Lew Wallace always embraced a good adventure. He lived for adventure, thrived upon it. For Lew, adventure meant “going” and “going was life.” In no small measure, Wallace developed a lifetime commitment to adventure as a result of his early associations with water, the mighty, the unfettered, the majestic River—specifically the Wabash River; often his beloved Sugar Creek.
As a youngster from 1832 to 1837, Lew roamed the hills, woodlands, and streams around Covington, Indiana, through which the Wabash River flowed. Tragically, his mother had died prematurely in 1832. Perhaps equally tragic, his father always seemed to be off somewhere politicking for State office. Lew never experienced any significant degree of parental structure or guidance at home. He was often left solely to his own devices. To fill this void and to experience adventure on his terms, Lew befriended the River.
In his Autobiography, Wallace described his first of many encounters with the Wabash River. “It looked so wide, so deep,” he wrote, “so like the passing of a flood going down in its majestic way to what would be a deluge when it was at last arrived.” For Lew, nothing save the force of Nature could contain the mighty River or redirect its course. “Yet,” he continued, “it had a coaxing power. My fears were soothed, and I went, and, as it were, laid my hand on its mane; and thence we were friends.” On another occasion, he wrote that “The River was a siren with a song everlasting in my ears. I could hear it the day long. It seemed specially addressed to me. . .” Throughout his life, Wallace molded his independent and self-reliant persona to the inexorable, unrestrained flow of the River.
Lest we give all the credit to the Wabash, Sugar Creek likewise played a definitive role in Lew’s journey through adolescence. As a nine year old, Wallace simply decided one day to join his older brother William at Wabash College. On his own, he journeyed from Covington to Crawfordsville and somehow finagled admission in a preparatory setting. His experiment in formal, institutional education lasted six weeks. He quickly succumbed to the natural beauty of Montgomery County, allocating much more of his time and talents to exploring the woods north of the college than to book-learning. “Under a hill,” he found “a stream, half river, half creek.” Like a siren, “the woods and the little river invited me, and I accepted and took to them.” The tug of water, mighty like the Wabash, more serene like Sugar Creek, worked their magic. One day he would demonstrate his love for Sugar Creek by building a tranquil summer cottage upon its banks at the present day site of the Crawfordsville Country Club, fittingly known as “Water Babble.”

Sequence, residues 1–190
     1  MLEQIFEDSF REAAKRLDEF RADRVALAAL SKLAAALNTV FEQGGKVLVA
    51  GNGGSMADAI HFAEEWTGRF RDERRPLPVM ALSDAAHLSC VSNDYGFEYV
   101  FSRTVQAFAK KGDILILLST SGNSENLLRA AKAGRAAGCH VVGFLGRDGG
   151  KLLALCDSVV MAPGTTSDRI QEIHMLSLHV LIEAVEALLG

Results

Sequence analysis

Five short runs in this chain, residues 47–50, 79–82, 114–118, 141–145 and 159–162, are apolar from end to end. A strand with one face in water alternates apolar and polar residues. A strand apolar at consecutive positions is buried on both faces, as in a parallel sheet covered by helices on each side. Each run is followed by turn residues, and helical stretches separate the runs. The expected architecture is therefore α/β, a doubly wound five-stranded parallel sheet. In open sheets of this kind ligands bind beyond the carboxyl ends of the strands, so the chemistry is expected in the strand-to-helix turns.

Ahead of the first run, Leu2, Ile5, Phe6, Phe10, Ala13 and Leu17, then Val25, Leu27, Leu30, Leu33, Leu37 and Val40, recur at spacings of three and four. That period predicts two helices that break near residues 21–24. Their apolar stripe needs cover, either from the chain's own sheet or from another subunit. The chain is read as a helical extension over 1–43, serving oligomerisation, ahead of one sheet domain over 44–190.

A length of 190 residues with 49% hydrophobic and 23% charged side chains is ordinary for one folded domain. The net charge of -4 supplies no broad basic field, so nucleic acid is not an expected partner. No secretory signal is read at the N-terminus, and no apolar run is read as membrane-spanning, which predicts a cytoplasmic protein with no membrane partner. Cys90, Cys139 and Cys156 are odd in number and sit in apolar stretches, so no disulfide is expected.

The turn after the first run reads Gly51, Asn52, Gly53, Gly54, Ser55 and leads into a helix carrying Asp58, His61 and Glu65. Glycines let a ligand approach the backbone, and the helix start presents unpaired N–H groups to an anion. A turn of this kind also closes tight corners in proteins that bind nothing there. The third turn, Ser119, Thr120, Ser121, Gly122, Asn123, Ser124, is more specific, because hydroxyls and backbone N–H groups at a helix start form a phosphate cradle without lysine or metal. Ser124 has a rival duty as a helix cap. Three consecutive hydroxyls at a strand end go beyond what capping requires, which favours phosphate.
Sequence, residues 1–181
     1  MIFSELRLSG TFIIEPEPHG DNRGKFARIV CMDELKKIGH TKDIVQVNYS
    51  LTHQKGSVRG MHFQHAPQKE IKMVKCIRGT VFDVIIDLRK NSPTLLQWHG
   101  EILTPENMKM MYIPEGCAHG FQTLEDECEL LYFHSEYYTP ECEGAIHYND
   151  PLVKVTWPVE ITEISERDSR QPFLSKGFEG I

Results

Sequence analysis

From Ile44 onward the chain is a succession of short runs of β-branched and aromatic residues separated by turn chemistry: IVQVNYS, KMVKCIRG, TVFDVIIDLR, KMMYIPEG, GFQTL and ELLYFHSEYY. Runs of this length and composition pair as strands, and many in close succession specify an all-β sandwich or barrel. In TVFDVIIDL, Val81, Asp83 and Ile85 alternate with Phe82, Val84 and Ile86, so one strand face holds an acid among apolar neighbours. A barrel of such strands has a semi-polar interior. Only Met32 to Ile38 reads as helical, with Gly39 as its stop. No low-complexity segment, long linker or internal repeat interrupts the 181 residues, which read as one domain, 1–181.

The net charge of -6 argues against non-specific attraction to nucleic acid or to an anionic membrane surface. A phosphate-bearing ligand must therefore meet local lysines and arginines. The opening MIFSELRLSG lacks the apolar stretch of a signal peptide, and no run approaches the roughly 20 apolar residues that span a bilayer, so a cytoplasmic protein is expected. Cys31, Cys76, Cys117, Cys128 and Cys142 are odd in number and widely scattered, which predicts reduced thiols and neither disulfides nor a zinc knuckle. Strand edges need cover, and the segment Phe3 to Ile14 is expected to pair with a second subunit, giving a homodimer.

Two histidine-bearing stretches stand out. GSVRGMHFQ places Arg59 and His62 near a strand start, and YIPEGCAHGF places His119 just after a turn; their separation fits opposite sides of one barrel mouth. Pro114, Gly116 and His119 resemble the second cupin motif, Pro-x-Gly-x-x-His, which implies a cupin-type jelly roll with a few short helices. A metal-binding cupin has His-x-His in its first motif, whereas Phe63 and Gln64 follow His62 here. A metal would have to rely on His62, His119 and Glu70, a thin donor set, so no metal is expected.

In early 1862, the Tennessee River carried General Lew Wallace to Fort Henry and his first major military experience. Weeks later on the banks of the Cumberland River, he performed independently and brilliantly, contributing decisively to Union victory at the battle of Fort Donelson. In late March, Lew waited not-so-patiently as Union steamboats prepared to carry him upriver to his personal destiny at Shiloh. In his Autobiography, Wallace waxed lyrical about that day on the Tennessee. Having detailed the pomp and fervid elegance that cast its glow upon the river that day, Lew concluded with perhaps one of the more poignant expressions ever to flow from his pen. “And in thought of it all I would grow young again,” he would write years later, “but for the other thought always waylaying the first – I cannot hope ever to see the like again, much less to be a part of it.”
With profound retrospection, Lew recognized that one day his adventures would end. His soul was undoubtedly quieted with the knowledge that both the Mighty River and the oft placid “half river, half creek,” both lifelong sources of personal character, inspiration, and love, would flow on forever.